I was introduced to him as George's client and he said, 'Charmed, I'm sure.' That was the only time I met him.
I met Janet Leigh a few times, and I asked her about Hitchcock. I met James Stewart over 30 years ago, and I asked him what it was like working with Hitchcock, and he gave me some insights. I had no idea that I would play him on screen later, but I'm glad I did.
Image: Scarlett Johansson, Anthony Hopkins and Helen Mirren in Hitchcock
'Hitchcock used to say, 'Always the bridesmaid never the bride''
I think he adapted very well in Hollywood. He loved it there. He enjoyed his life there. He was a real hedonist. He loved food, good wine, his entire lifestyle. He loved California.
His great genius was that he was a psychologist. He understood human psychology so deeply. He was also a well-read man. He spoke a number of languages.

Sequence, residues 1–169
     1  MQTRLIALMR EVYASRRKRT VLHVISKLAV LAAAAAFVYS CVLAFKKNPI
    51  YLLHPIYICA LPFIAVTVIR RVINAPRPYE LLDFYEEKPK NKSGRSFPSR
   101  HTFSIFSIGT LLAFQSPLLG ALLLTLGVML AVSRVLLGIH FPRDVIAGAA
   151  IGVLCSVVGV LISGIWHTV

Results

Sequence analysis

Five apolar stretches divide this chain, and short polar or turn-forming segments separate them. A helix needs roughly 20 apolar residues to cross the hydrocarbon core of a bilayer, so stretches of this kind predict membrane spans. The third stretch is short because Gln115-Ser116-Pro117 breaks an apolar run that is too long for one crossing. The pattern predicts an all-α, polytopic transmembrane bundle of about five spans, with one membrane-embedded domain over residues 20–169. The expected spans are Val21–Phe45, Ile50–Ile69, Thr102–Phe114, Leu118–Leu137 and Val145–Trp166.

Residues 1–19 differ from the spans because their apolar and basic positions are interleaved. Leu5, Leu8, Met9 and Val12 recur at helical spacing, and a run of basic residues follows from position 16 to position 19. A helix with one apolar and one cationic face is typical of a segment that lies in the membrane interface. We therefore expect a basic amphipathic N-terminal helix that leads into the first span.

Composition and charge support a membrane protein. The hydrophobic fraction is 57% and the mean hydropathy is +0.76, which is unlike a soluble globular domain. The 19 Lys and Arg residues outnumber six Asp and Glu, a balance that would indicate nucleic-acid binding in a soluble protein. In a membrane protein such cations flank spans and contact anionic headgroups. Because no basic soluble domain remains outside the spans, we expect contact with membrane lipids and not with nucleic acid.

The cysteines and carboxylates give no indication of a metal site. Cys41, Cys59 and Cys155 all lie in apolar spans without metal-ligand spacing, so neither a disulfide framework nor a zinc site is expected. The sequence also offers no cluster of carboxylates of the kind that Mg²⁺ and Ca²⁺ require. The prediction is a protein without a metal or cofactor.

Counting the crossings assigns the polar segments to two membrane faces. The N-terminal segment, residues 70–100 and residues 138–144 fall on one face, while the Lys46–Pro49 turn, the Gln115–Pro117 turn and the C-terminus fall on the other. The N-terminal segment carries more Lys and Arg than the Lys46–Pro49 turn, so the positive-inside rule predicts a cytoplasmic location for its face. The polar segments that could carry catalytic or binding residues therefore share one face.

He had a natural hunger for knowledge. He mentioned somewhere that he read Freud deeply. So he had a knowledge of human nature and the dark forces that are in every human being.
People are very fond of using the words 'the dark side.' I don't think he had a dark side. He was complex, probably a very insecure man. When he was never nominated for an Oscar, he said, 'Always the bridesmaid, never the bride.'
When word got out that he wanted to do this schlock horror movie called Psycho, they thought he was mad. He probably thought he was mad too, but he mortgaged his house and put his life, his security at risk. It was because of Alma, who encouraged him and was an ally, and he never really thanked her until the final Lifetime Achievement award from the American Film Institute in 1979.
Image: Alfred Hitchcock with James Stewart
Photographs: Baron/Getty Images
'Hitchcock had this wonderful sense of what is real'
I think what was really powerful about Hitchcock is the way he created an atmosphere in a scene. For instance, the scene in Vertigo where James Stewart goes to Barbara Bel Geddes' apartment.